“Sit, sit,” her mother said in a loud, bright voice. “Harry, pour the wine, will you?”
He eyed her a moment, opened his mouth to speak, closed it. “Wine for three, coming up.” He picked up a glass and poured.
“He’ll be here, Mother. You know he will.”
“I know that, Christine.” She picked up her wine glass and took a healthy swallow. Her face flushed to a pale rose. “Would you please tell Greta to serve the salad?”
There was something sad and disappointed tucked away under her mother’s smile, beneath the serene calmness of her poised exterior as she spoke. “Sure.” Christine headed for the kitchen and the radicchio salad. Next month would be different. She’d make sure her father showed up an hour early with a dozen red roses and a bottle of Chanel No. 5.
That would make her mother forget all about tonight.
How many times did he have to tell her that he didn’t like all this crap in his salad?
Iceberg lettuce with tomato, cucumber, and a little bit of red onion. Period. Was it that damn hard to remember? So what if iceberg had no nutritional value, if the real nutrients were in the darker greens, like romaine or Boston lettuce or radicchio? He didn’t like the stuff, didn’t like the looks of it, the feel of it, the taste of it. If he were a damn rabbit, then he’d eat it, but he wasn’t. Harry pushed a raspberry to the side of his plate. And what was with the fruit stuck in the middle of a salad? Who the hell thought of that? Armand at The Presidio was the only one who didn’t try to put mesclun mix or dandelions or raspberries in his salad.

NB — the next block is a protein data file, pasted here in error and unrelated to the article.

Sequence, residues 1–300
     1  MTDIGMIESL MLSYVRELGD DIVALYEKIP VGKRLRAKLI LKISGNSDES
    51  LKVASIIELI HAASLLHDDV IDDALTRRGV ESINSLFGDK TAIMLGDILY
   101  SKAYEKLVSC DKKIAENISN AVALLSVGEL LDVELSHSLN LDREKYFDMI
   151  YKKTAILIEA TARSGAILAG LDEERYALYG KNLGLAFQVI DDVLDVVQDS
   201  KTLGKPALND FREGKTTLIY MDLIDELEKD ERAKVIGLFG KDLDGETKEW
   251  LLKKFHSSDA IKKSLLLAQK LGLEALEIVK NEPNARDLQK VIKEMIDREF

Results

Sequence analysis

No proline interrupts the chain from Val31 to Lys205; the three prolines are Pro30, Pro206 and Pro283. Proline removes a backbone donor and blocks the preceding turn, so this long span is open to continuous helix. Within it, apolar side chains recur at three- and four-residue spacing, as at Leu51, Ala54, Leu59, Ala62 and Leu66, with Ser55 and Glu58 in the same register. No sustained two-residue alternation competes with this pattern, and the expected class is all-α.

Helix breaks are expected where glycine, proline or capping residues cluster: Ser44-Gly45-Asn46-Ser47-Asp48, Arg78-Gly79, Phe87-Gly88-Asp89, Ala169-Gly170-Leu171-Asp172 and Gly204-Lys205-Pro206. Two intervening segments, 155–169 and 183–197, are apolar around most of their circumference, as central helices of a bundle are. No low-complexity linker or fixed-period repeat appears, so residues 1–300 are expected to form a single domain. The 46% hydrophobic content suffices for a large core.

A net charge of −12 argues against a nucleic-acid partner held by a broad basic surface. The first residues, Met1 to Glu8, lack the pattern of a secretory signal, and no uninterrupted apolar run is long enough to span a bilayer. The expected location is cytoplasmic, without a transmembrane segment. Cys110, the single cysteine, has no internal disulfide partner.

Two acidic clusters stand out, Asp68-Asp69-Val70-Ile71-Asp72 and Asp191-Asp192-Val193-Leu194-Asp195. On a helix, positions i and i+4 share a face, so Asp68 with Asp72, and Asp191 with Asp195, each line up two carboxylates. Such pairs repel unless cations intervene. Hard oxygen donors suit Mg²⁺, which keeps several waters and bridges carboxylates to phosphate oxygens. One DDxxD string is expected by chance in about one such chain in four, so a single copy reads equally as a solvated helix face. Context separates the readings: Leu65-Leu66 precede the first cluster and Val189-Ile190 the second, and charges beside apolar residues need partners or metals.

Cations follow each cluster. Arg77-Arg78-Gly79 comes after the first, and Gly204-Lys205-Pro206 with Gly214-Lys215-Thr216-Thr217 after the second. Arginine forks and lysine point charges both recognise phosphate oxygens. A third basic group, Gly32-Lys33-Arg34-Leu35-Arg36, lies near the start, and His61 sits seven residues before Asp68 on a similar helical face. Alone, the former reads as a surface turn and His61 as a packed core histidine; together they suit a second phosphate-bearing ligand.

Gloria was so hopped up she probably didn’t know what she was telling Greta to put in the salad. Next she’d be sprinkling Crown Royal on top. And he didn’t buy that bullshit about her constant pain. She’d fallen off that damn horse sixteen years ago, and broken back or not, she should have enough dope and booze running through her veins to make her numb. Harry laid down his fork and took a drink. He’d need two more scotches just to block out the pathetic look on that woman’s face. So what if Charlie was late? Maybe he was holed up in some hotel room banging some young piece of ass and forgot about the time. He almost laughed out loud. That would really make Gloria cry. But Charlie was too straight for that kind of behavior. That was Harry’s style. Given the opportunity, he’d be the one shacked up in a hotel room, screwing some hottie, wife or not. And that’s why there wasn’t a wife, why there would never be a wife.
Just thinking about sex made him hard. Bridgett was only a phone call away—six feet tall, blond, blue-eyed. Twenty-three, great tongue. Shit. Why was he sitting here with a hard-on when he could be banging Bridgett? He knew why. Christine and Charlie counted on him being here for this circus, one night every month, and he wasn’t going to disappoint them, even if he had to put up with Gloria. No one ever depended on him for anything, not his work, not his women, not even his cleaning lady who demanded he pay her at the beginning of the month because he kept forgetting the weekly checks. Maybe they thought him incapable, uncooperative, or merely uninterested. Maybe they were right.
The phone rang in the background. It was probably Charlie, trying to pave the way for his late entrance. Good old diplomatic Charlie.
“That might be Dad.” Christine half-rose from her chair.
“Sit down.” Harry waved a hand at her and stood. “I’ll go see.” He grabbed his drink and let out a small laugh. “I better warn him to put his boots on before he comes in here or your mother’s tears will ruin his shoes.”